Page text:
>> compatibility reasons), then please post details. -DPURIFY exists to
    >> facilitate debuggers that don't like reading uninitialised data, so if
    >> that's not the case then please provide details. Note however that there
    >> are a variety of gotchas that allow you to create little leaks if you're
    >> not careful, and valgrind could well be complaining about those instead.

    >
    > Note that you should always build with "no-asm" if you're doing this kind of
    > debug analysis. The assembly optimisations are likely to operate at
    > granularities and in ways that valgrind could easily complain about. I don't
    > know that this is the case, but it would certainly make sense to compare
    > before posting a bug report.


    I'm still seeing a lot of errors from valgrind, even with the latest snapshot.

    19 15:12 tar xvfz ../openssl-0.9.8-stable-SNAP-20080515.tar.gz
    20 15:12 cd openssl-0.9.8-stable-SNAP-20080515/
    21 15:12 ls
    22 15:12 ./config no-asm -DPURIFY
    23 15:12 make
    24 15:14 valgrind ./apps/openssl genrsa 1024

    Please let me know if I'm doing something wrong with this test sequence.

    The problems occur on Red Hat 5.1 server x86_64. For what it's worth,
    I don't get errors on (updated Ubuntu 7.10.

    I do get errors even with Bodo's addition to randfile.c. I'd be happy
    to post the valgrind output if that would be helpful.

    -JP
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  18. Re: valgrind and openssl

    Theodore Tso wrote:

    > On Thu, May 15, 2008 at 11:09:46AM -0500, John Parker wrote:
    > > > change -DPURIFY to -DNO_UNINIT_DATA or something else which has a clearer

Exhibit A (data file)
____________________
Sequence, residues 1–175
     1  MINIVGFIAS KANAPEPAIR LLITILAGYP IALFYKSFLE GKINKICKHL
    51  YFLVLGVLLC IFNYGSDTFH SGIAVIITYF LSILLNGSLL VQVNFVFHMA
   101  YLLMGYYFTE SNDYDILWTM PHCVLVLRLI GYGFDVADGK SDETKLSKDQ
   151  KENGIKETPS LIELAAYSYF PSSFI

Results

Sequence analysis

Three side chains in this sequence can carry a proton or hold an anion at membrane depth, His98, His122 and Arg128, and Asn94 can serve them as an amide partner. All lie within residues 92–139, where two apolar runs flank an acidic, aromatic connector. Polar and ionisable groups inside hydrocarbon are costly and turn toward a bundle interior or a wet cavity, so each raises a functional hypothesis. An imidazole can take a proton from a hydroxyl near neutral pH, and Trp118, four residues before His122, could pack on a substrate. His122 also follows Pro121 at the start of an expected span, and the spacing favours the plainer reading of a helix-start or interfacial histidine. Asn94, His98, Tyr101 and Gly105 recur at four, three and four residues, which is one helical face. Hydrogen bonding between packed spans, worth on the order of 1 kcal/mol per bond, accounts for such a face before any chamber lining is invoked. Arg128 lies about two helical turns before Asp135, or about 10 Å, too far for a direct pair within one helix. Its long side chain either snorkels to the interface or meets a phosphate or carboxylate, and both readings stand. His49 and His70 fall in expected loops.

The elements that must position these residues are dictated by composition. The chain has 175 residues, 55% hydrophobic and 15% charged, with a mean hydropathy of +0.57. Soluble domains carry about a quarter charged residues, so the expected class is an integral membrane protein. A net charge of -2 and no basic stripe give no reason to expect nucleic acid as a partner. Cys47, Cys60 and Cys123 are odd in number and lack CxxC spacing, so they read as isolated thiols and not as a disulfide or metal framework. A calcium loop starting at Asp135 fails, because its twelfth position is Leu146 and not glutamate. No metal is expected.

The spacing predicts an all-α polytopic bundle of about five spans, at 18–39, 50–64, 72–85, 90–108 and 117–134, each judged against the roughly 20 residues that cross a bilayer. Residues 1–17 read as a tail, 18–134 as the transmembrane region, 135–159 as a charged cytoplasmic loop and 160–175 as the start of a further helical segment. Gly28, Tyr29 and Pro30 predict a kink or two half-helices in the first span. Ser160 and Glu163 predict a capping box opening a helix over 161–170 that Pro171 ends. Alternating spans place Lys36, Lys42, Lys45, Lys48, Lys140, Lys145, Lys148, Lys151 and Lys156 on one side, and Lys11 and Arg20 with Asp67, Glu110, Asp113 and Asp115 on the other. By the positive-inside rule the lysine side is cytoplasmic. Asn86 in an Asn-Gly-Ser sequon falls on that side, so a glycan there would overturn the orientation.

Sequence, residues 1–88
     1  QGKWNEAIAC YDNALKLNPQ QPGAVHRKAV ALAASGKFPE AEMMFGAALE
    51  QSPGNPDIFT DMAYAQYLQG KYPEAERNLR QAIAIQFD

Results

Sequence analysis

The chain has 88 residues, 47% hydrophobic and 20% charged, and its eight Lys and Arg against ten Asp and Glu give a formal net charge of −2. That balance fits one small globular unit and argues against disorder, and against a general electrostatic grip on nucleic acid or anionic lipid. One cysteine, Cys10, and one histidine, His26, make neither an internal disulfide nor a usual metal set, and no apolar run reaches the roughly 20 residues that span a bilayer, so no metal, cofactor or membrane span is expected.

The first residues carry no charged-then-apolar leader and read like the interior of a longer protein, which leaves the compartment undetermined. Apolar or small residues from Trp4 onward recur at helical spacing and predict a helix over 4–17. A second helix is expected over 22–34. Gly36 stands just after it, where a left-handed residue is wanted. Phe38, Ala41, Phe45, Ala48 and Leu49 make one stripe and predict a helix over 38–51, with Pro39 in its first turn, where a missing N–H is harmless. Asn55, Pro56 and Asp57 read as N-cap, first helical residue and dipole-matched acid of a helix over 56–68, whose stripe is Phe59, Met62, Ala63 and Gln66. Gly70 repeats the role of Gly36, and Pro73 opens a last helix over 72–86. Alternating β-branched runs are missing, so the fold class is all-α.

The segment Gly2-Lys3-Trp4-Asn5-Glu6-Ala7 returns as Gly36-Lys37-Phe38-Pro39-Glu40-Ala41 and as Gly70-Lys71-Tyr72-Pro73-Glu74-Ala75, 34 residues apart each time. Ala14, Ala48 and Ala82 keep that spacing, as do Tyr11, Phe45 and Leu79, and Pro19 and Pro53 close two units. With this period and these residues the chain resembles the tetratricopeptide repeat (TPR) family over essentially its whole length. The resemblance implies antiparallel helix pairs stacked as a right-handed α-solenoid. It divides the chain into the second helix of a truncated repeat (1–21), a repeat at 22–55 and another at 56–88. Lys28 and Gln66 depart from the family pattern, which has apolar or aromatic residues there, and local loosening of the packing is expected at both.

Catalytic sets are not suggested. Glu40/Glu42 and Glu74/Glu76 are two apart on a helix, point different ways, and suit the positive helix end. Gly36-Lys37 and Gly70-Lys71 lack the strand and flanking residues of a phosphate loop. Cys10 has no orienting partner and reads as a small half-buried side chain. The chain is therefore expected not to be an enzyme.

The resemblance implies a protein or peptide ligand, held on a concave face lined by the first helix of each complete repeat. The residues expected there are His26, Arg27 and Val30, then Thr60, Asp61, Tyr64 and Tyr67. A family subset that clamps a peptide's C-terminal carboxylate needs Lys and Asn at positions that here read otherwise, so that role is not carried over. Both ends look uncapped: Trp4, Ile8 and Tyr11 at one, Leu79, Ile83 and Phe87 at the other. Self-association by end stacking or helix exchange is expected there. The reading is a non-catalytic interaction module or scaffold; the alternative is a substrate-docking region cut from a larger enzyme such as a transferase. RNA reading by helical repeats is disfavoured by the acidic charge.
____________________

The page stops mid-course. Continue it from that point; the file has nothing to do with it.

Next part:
> > > intention, so that debug packages (or even base packages that want to be
    > > > valgrind-friendly) have a straightforward mechanism to apply. Well, a
    > > > straightforward mechanism that doesn't kill the PRNG outright, I mean
    > > > (otherwise there is already a highly-publicised patch we could apply...)

    > >
    > > What I was hoping for was a -DNO_UNINIT_DATA that wouldn't be the
    > > default, but wouldn't reduce the keyspace either.

    >
    > -DPURIFY *does* do what you want.


    But thats a compile time option. I would prefer not to have to compile
    my own version of OpenSSL just to be able to valgrind my program which
    links against openssl.

    Erik
    --
    -----------------------------------------------------------------
    Erik de Castro Lopo
    -----------------------------------------------------------------
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  19. Re: valgrind and openssl

    Patrick Patterson wrote:

    > On May 15, 2008 10:58:07 am John Parker wrote:
    > > In the wake of the issues with Debian, is it possible to modify the
    > > source so that it is possible to use valgrind with openssl without
    > > reducing the key space?
    > >

    > It is already possible to use openssl and valgrind - just build OpenSSL
    > with -DPURIFY, and it is quite clean.


    A compile time option is not enough. I would like the be able to
    valgrind my program linked against the standard openssl library
    I get from my Linux distribution.

    Erik
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    -----------------------------------------------------------------
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    -----------------------------------------------------------------
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  20. Re: valgrind and openssl

    On Thursday 15 May 2008 16:56:17 Erik de Castro Lopo wrote:
    > Patrick Patterson wrote:
    > > On May 15, 2008 10:58:07 am John Parker wrote:
    > > > In the wake of the issues with Debian, is it possible to modify the
    > > > source so that it is possible to use valgrind with openssl without
    > > > reducing the key space?

    > >
    > > It is already possible to use openssl and valgrind - just build OpenSSL
    > > with -DPURIFY, and it is quite clean.

    >
    > A compile time option is not enough. I would like the be able to
    > valgrind my program linked against the standard openssl library
    > I get from my Linux distribution.


    Then tell your linux distribution to use -DPURIFY. Or order me an 8-core magic
    wand from Dell and I'll get right on it.

    Cheers,
    Geoff